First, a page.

STUDY DIARIES: Dances with Cars

Since 1970 I, along with an old university friend, have wondered just why some people love speed.

In my younger years I used to race karts and until recently my conclusion had been that it was the experience of mastery – the wonderful feeling when you managed to power drift through a corner on just the right line, or that oh so elusive relaxed attention when a lap came out just right at a faster time than before.

But now I think I have found the answer, and surprisingly it has links to dance.

In a previous post I talked about how dancing, at its best, uses conscious movement to express our ‘true’ movement of thinking. Notice the use of the use of the word thinkING instead of thought, which could be construed as a fixed item rather than the mobile and dynamic activity that I am describing.

This ‘true’ movement is something some people want to express and dance is one form.

The other can also be driving or flying well.

In line with the previous post, to me it makes sense that we have an inner experience of our thinking being able to move instantaneously, and we feel good when we can manage to express it physically, whether it be with our bodies, or through a technological construct such as a car – or an aircraft. Indeed Ayrton Senna has been described as someone who could dance with the car.

So now I have a far better explanation of why I am such a petrol head, dancer and lover of flying!

But why is this post in the section of the study diaries?

If you read Scaligero or Steiner, their wisdom is predicated on developing a true experience of such a living, mobile, dynamic thinking. It is not something you can really put into words, which are fixed entities.

However it IS something we can experience.

The difficulty is that any characterization of it in fixed form, whether it be in words, pictures, or a materialistic science, will always – always – miss the point. Such expressions can dimly point to the living idea but the listener or spectator will always need to be active. They will have to re-enliven such fixed and dead forms with their own thinking in order to reproduce the living experience.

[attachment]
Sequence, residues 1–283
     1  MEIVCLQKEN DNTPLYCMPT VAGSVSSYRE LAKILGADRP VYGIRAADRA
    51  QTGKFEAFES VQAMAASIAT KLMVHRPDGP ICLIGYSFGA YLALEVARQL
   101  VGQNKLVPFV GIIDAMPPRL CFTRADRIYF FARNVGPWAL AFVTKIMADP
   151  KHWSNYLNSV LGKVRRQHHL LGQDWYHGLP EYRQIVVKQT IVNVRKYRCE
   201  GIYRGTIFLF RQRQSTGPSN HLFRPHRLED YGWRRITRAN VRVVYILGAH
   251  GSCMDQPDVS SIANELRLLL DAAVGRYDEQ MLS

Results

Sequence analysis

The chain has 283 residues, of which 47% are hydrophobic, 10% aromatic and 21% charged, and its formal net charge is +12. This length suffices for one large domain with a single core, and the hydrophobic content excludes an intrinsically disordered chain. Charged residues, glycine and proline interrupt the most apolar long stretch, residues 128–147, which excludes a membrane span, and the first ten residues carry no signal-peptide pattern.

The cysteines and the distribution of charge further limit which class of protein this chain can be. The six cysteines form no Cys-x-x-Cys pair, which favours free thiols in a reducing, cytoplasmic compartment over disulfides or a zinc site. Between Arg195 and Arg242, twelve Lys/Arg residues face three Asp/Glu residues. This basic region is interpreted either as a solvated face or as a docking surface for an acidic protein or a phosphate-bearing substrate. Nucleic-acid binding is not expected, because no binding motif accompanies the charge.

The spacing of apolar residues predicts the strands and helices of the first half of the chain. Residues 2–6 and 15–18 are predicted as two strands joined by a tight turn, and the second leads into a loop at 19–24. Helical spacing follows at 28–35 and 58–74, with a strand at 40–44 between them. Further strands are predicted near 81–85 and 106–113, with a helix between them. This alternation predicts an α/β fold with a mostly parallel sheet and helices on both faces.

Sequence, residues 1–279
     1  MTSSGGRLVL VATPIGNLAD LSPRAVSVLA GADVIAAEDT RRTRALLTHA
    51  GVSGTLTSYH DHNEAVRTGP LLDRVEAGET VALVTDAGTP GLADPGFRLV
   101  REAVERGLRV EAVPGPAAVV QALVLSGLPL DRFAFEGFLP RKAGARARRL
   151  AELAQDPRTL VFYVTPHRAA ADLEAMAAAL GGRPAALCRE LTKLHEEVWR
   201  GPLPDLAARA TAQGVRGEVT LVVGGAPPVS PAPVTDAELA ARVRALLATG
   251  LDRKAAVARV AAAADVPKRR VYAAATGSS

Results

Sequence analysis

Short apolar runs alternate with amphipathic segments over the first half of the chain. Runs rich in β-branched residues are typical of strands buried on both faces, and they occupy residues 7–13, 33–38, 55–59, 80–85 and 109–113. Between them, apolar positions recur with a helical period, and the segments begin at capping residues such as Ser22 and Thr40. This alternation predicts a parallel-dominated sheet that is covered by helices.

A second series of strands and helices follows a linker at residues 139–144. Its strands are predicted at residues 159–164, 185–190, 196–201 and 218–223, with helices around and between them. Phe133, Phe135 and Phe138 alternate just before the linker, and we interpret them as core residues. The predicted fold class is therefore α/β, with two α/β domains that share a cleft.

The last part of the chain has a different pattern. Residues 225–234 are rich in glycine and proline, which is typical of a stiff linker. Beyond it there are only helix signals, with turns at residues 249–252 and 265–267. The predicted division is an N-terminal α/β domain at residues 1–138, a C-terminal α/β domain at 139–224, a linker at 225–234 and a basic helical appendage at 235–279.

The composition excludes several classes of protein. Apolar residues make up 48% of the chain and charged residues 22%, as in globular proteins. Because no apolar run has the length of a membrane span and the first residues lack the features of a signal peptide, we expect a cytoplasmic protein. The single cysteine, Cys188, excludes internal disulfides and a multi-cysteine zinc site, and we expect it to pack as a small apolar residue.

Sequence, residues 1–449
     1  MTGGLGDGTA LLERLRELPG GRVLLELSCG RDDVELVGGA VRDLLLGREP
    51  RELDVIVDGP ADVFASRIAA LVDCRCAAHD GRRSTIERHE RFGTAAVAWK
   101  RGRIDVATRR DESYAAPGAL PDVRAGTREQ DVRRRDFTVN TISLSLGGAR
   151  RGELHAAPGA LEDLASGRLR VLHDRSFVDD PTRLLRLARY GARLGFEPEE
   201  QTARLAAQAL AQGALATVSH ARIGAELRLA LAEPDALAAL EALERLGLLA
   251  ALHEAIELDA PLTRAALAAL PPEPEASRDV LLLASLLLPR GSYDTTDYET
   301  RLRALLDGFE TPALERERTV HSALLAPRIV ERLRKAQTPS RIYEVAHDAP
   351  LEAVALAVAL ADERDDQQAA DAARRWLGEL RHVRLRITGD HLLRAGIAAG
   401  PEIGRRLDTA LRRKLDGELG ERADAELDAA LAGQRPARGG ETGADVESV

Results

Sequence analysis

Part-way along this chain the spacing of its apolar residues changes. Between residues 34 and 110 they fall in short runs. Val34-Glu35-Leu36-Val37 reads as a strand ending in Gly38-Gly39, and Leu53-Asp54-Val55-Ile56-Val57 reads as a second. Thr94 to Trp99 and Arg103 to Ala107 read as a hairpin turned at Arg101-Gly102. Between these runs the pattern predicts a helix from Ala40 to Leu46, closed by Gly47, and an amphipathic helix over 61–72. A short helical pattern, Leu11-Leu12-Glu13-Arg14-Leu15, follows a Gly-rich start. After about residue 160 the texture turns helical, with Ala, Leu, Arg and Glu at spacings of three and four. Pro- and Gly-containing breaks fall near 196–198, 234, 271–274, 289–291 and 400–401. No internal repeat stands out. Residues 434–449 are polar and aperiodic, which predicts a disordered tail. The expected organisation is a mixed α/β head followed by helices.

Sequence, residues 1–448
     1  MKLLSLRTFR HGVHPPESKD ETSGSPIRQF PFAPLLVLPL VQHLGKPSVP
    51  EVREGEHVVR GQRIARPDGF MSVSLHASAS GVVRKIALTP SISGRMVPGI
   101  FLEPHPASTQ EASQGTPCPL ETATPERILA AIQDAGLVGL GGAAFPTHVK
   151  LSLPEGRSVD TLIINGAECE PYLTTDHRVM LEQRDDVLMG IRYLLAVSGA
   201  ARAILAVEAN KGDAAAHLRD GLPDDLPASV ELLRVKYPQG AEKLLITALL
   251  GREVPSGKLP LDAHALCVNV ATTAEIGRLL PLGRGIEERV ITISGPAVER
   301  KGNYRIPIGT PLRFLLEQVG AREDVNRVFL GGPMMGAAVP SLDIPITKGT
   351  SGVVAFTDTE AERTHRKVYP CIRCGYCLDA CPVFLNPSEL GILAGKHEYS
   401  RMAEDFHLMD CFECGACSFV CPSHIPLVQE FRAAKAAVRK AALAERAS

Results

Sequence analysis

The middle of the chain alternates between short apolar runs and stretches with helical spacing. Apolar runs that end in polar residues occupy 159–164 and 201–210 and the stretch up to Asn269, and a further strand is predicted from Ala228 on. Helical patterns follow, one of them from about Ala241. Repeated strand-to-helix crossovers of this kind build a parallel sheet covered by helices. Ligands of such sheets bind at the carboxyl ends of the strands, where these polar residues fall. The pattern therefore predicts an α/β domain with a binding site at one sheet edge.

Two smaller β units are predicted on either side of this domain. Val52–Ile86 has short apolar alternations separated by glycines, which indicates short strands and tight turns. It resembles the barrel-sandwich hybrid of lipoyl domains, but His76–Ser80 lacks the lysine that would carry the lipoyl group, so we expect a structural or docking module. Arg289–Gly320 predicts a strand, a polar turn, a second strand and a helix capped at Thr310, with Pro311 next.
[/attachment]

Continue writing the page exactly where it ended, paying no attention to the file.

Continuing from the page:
As I have said before, this is why Steiner and such authors are so hard to understand. In their writing they are purposely trying to short-circuit your analytical brain, which likes fixed constructs,  in order to try and help you move into the living experience of the idea.

GLIDER CHRONICLES 2011 – September 3rd : An Evening down on the Farm Strip

Thanks to the good organisation of one of our instructors – Farmer Dave – we recently had a rare chance to fly from a nearby field at a neighbouring farm. So a group of 25 or so of us, arrived literally “out of the blue”, and descended on a quiet field in the Hampshire countryside.

The actors in this particular play were:

Mr “Full Cat” Instructor
Farmer Dave. None of it would have happened without his untiring efforts.

The Tug
The recently refurbished Lasham Piper Pawnee crop duster tug aircraft G-TOWS, in its bright yellow livery.

G-TOWS Piper Pawnee Lasham Tug

The Tug Pilot
The amazingly highly experienced airline pilot Andy who was to demonstrate some phenomenal flying skills throughout the evening.

The Gliders
Two of the faithful Lasham ASK13’s. There was a reason we only took two as will soon become clear.

Some of the Lasham K13s parked up on a windy day.

The Instructors:
The normal crew of Saturday night youth instructors who were going to put the trainee pilots through their paces at a farm strip. A new experience for some of the instructors, so this was not your normal set of lessons.

The Trainees